Call 1-800-392-1111 to report poaching and arson
It’s no accident that “ugh” rhymes with “slug.” Slimy, spineless creatures, slugs view their world through beady eyes on short tentacles that emerge from their fronts.
Brown recluse spiders occur in our area, but even where they are common, people don’t often find them.
Poison ivy! The name strikes fear in the hearts of many. But don’t let this plant keep you from enjoying the outdoors.
As summer temperatures heat up, pests common during this season come out to wreak havoc on our summer plans.
Eggs come in an amazing variety of sizes, colors and even shapes. Egg colors could fill an artist’s palette, from robin’s egg blue to a buffy pink, and even mauve, purple and green.
A “glittering fragment of the rainbow” is what an early American naturalist called the hummingbird.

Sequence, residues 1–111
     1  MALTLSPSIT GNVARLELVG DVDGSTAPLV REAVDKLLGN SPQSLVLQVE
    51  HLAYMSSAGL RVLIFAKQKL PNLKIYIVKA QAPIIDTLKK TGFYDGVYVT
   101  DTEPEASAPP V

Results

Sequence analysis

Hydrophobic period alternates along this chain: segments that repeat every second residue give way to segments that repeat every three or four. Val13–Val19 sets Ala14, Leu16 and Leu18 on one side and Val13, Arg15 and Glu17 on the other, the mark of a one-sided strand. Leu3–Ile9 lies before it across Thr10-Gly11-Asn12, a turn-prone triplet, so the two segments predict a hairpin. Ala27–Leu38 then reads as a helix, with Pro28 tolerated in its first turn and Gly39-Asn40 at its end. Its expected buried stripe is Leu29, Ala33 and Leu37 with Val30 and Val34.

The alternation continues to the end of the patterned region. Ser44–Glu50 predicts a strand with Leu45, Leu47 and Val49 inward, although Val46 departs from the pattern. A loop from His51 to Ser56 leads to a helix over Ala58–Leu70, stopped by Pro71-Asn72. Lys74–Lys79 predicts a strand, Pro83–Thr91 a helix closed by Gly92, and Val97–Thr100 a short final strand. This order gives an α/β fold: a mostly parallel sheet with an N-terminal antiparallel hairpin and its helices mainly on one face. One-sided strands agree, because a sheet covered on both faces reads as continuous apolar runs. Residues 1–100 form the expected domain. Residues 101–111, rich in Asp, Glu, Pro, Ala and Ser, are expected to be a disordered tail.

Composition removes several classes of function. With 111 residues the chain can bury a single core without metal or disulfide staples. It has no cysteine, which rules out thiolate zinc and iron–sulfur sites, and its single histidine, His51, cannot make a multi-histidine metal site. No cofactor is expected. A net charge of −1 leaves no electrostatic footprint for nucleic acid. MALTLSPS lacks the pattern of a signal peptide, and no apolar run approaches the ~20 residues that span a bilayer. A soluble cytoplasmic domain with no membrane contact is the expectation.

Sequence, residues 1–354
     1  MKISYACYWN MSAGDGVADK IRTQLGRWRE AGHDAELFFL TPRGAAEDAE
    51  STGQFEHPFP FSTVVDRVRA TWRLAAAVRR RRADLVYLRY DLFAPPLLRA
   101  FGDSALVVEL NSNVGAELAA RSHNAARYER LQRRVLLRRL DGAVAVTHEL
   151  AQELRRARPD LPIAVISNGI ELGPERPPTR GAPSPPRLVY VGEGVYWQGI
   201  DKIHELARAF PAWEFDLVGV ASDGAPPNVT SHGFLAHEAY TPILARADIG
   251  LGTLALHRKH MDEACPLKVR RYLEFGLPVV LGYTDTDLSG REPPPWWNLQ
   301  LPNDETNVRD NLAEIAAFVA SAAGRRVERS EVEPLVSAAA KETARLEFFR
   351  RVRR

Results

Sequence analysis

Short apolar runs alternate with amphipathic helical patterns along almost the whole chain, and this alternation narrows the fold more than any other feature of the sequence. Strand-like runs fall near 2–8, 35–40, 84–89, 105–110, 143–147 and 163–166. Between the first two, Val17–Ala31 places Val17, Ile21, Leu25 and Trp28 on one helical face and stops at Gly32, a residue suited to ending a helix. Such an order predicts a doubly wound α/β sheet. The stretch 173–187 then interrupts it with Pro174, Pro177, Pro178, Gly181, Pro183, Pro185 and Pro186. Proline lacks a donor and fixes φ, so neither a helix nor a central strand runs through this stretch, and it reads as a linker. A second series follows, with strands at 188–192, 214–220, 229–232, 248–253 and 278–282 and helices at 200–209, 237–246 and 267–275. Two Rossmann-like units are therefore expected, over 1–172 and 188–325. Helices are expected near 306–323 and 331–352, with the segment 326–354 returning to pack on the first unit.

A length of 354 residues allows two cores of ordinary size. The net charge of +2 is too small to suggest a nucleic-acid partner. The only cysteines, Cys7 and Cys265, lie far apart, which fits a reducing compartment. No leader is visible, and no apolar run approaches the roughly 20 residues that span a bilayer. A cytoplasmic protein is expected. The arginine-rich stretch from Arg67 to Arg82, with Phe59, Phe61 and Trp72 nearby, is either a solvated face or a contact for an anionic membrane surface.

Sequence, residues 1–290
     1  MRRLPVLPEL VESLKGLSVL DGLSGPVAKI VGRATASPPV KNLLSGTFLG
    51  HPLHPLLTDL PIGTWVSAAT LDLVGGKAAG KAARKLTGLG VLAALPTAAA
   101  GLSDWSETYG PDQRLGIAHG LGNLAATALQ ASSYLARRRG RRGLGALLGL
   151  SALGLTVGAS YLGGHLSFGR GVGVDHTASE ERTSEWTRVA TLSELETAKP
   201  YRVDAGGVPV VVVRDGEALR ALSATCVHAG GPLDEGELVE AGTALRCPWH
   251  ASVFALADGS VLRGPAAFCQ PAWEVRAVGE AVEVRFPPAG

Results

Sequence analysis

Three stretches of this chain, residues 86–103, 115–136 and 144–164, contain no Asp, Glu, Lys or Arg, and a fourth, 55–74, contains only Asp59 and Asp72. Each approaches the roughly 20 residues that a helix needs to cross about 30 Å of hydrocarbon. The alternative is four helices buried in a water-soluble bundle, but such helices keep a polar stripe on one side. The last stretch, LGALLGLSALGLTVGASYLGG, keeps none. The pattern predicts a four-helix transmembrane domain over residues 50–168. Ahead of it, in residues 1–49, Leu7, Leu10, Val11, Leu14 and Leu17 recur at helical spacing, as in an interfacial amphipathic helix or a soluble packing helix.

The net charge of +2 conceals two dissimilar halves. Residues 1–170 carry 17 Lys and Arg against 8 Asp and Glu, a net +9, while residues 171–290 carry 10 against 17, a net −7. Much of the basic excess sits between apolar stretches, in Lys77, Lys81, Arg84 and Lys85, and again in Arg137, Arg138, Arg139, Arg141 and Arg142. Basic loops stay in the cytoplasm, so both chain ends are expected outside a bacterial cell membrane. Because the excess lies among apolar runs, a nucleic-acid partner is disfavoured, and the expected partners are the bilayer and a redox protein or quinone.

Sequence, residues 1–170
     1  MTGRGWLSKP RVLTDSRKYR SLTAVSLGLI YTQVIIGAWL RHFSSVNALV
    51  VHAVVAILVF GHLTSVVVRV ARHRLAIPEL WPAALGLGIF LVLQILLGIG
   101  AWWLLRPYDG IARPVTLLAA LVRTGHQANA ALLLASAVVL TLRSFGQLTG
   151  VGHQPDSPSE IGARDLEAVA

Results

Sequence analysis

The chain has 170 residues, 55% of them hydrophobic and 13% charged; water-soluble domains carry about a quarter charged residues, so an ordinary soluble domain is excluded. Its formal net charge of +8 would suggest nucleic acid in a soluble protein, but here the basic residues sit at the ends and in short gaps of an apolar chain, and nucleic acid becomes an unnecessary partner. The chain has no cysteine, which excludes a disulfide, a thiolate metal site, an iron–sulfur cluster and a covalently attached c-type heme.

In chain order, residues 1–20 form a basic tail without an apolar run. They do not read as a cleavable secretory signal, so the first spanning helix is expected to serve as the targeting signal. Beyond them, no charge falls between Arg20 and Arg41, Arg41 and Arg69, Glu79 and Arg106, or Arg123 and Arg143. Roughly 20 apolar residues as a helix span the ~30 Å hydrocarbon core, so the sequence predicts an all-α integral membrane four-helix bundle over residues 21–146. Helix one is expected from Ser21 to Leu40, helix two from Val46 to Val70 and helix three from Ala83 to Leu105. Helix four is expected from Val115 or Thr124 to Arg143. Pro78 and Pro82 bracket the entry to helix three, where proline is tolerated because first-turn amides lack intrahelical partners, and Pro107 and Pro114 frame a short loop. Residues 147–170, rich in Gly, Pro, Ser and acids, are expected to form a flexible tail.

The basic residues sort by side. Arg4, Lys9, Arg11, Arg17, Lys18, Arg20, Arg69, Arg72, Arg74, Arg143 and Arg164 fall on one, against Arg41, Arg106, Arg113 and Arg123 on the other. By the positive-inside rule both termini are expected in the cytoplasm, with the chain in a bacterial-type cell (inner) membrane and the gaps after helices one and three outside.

Various kinds of armadillos are found in the warm climates of Central and South America. But one species has made a home in the southern half of the United States.
The bright wings of butterflies catch your eyes. Many people notice butterflies, but few notice typically drab caterpillars.
Wrens are among the smallest songbirds, yet they make their presence known in a big way. They are both loud and persistent singers.
If you want to turn your backyard into wildlife habitat, you can.
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You had fun hunting, catching or gathering your quarry—now have more fun cooking and eating it.Check out the recipes
We protect and manage the fish, forest, and wildlife of the state. We facilitate and provide opportunity for all citizens to use, enjoy, and learn about these resources.